Martha, Martha, Martha
by Ari Armstrong
The following column originally appeared in the March 18, 2004, edition of Boulder Weekly.
Martha Stewart was convicted mostly because she's condescending and rich. According to Reason magazine, one juror said Martha was "arrogant;" "she thought she was better than everyone else." Did she lie about her stock dealings? I have no idea. She tells a plausible story, whether it's true or just a cover. But prison? I mean, come on. I for one would rather my federal tax dollars went to fund something more useful -- mohair subsidies, say.
I chortled when I read Martha's "crimes" consisted in part of lying to the FBI. Having watched Mike McNulty's films about Waco, I'm reasonably confident the FBI has not always been completely truthful itself. Here's a thought: whenever someone is convicted of lying to a government agency, the defendant can reduce the sentence by 10% for every documented instance of dishonesty involving the agency within the last decade.
Let's assume, though, for the sake of argument, that Martha indeed lied about her stock dealings. So what? The left has promoted what we might call the "Clinton Principle:" if a particular action isn't very important or very bad, lies about that action aren't very important or very bad, either.
Martha was never charged with "insider trading." If she lied, that was petty and stupid. But criminal? Americans lock up a greater percentage of their fellow citizens than in any other nation on Earth. Our obsession with punishment comes at the expense of true justice and, I think, reveals something dark about our national character. How is anyone better off when federal persecutors spend our money to imprison America's wealthiest muffin baker?
About "insider trading." What the hell is it? According to attorney James Ostrowski, writing for the Ludwig von Mises Institute, the "insider trading" federal statutes and executive rules are arbitrary and capricious, interpreted and enforced by the politically-appointed Securities and Exchange Commission. Ostrowsky describes them as "victimless (nonexistent) crime laws," part of a vast network of regulations that allow enforcers to "eventually turn up evidence of some crime" on practically anybody.
Leftists who suppose the rich write the laws to screw the poor are only half right. It so happens that the most politically connected are usually rich, but that doesn't mean the independently wealthy -- those who shun the political power establishment -- are let off the hook. Indeed, the wealthy who spurn the political class are often convenient scape-goats when the politically connected, in Ostrowski's words, go "whoring after the votes of the depraved."
By Ostrowski's reading, in no way can Martha be considered an "insider trader" according to the rules as written. However, a 1983 Supreme Court decision in effect made "outsider trading" a crime by judicial fiat. Ostrowski believes the court decision "has no basis in the statute or the regulation interpreting that statute," yet it created "a new, judicially created crime of outsider trading that has ruined lives and will do so again soon."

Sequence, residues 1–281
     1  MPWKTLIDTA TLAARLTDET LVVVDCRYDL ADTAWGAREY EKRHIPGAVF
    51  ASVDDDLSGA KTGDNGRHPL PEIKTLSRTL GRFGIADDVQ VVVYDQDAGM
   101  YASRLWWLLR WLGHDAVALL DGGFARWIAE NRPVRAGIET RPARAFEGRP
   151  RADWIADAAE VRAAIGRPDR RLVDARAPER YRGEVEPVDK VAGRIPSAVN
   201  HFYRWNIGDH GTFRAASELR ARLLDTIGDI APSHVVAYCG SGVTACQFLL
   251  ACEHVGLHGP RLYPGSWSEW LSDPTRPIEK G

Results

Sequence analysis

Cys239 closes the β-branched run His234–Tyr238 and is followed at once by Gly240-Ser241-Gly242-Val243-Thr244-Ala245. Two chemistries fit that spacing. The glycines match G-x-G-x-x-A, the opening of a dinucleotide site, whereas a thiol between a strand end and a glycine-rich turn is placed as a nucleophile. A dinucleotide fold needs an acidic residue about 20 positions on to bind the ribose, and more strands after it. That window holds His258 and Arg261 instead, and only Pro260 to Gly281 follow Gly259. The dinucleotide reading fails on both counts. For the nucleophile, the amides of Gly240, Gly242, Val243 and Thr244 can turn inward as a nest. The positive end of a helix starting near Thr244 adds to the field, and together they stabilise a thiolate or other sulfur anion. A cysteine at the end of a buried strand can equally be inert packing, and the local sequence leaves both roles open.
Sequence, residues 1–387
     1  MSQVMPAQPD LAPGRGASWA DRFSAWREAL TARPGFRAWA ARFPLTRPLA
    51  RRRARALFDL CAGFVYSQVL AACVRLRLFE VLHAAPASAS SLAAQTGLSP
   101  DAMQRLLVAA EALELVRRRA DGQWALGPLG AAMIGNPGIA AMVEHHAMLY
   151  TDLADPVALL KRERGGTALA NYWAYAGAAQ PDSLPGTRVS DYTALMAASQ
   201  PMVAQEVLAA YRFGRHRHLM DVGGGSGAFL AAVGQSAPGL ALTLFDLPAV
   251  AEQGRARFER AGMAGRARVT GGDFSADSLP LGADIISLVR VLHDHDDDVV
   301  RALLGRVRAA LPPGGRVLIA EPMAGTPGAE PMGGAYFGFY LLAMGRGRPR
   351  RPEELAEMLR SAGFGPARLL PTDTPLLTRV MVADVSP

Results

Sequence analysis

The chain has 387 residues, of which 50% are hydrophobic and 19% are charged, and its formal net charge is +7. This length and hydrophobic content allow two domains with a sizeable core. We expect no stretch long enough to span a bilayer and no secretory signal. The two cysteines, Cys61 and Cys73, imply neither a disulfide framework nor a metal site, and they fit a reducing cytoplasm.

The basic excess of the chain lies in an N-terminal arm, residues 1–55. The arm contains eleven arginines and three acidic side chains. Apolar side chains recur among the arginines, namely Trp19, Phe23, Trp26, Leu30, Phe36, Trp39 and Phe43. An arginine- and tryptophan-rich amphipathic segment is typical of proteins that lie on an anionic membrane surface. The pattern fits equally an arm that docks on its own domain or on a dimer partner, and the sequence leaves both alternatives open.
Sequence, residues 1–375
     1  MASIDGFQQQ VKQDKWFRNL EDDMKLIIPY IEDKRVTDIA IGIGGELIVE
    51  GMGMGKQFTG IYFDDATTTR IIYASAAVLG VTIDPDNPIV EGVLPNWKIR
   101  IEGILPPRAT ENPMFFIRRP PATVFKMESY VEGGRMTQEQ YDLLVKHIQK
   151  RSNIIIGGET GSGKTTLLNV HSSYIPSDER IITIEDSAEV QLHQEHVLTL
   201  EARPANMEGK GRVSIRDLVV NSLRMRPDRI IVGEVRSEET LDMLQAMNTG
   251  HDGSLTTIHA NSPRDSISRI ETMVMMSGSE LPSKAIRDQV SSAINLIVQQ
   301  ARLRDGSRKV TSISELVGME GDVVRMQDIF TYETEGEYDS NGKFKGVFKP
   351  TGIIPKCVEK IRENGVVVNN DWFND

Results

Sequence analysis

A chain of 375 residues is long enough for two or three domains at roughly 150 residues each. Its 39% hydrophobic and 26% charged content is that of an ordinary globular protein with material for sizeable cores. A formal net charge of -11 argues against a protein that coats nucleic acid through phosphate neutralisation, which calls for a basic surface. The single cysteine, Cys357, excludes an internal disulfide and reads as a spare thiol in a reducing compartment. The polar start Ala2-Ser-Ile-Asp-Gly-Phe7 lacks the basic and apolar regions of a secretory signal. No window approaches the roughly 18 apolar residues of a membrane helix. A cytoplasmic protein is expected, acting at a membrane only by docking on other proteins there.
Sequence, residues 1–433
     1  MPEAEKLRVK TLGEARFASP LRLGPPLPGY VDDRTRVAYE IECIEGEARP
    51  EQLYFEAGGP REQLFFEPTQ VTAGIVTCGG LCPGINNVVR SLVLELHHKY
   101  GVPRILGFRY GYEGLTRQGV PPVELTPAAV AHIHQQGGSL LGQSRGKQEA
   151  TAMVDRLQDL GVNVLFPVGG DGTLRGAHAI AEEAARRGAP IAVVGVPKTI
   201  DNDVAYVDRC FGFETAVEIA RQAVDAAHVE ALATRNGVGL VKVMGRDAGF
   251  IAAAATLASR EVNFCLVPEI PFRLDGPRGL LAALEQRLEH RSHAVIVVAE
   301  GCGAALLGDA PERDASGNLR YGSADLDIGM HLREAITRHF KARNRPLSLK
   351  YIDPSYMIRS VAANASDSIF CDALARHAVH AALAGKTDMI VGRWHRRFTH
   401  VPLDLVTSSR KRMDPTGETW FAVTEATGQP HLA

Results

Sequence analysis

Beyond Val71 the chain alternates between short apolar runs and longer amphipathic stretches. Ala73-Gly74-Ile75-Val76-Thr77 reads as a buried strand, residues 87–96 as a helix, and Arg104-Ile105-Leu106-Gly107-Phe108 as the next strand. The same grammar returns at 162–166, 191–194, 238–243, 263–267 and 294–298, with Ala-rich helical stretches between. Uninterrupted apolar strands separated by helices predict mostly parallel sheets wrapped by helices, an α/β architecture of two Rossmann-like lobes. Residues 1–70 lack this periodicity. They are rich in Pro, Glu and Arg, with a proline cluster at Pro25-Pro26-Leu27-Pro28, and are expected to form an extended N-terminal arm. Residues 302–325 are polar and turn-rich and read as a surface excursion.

What is the solution, then? Ostrowski isn't convinced so-called "insider trading" is immoral or economically inefficient. The best approach, he believes, is to allow companies to compete on the basis of stock policies. If it turns out that rules against insider trading are economically beneficial, then "[c]orporations that wish to maintain a healthy stock price and raise capital will announce and enforce strict policies against insider trading." Violations of these private regulations can be remedied through common-law civil suits.
John Berntson, a former chair of the state Libertarian Party, notes "the general feeling is that Martha, somehow, enriched herself at the expense of others." However, he adds, "The people who bought the stock were going to buy stock in any case. The only thing that she and the other sellers might have caused is a quick decrease in stock price, which would have actually helped the 'victims.' The people who held the stock and did not know of its impending fall did, in fact, lose money, but Martha did not enrich herself at their expense."
Harry Browne, a best-selling financial writer and Director of Public Policy for the American Liberty Foundation, notes people use special equipment and special knowledge all the time to make money. For instance, some people can afford "more investment tip sheets" than others. "Since when it is a crime in America to use your wits, your knowledge, your talents, and -- yes -- your contacts to make money?" he wonders.
William L. Anderson and Candice E. Jackson, also writing for the Mises Institute, point out that journalists at major papers profit from "insider" information on a daily basis -- though that didn't stop them from strapping Martha to the stake for the same "crime."
Barring a successful appeal, Martha is headed for prison. Meanwhile, the politicians who run the patently fraudulent Ponzi scheme laughingly called "social security" rest secure on their perches. Always they are ready to descend from the skies to pick the bones of the productive in order to subsidize the politically powerful. But we can rest peacefully knowing the American legal system has produced the most beautifully decorated prison cell in history.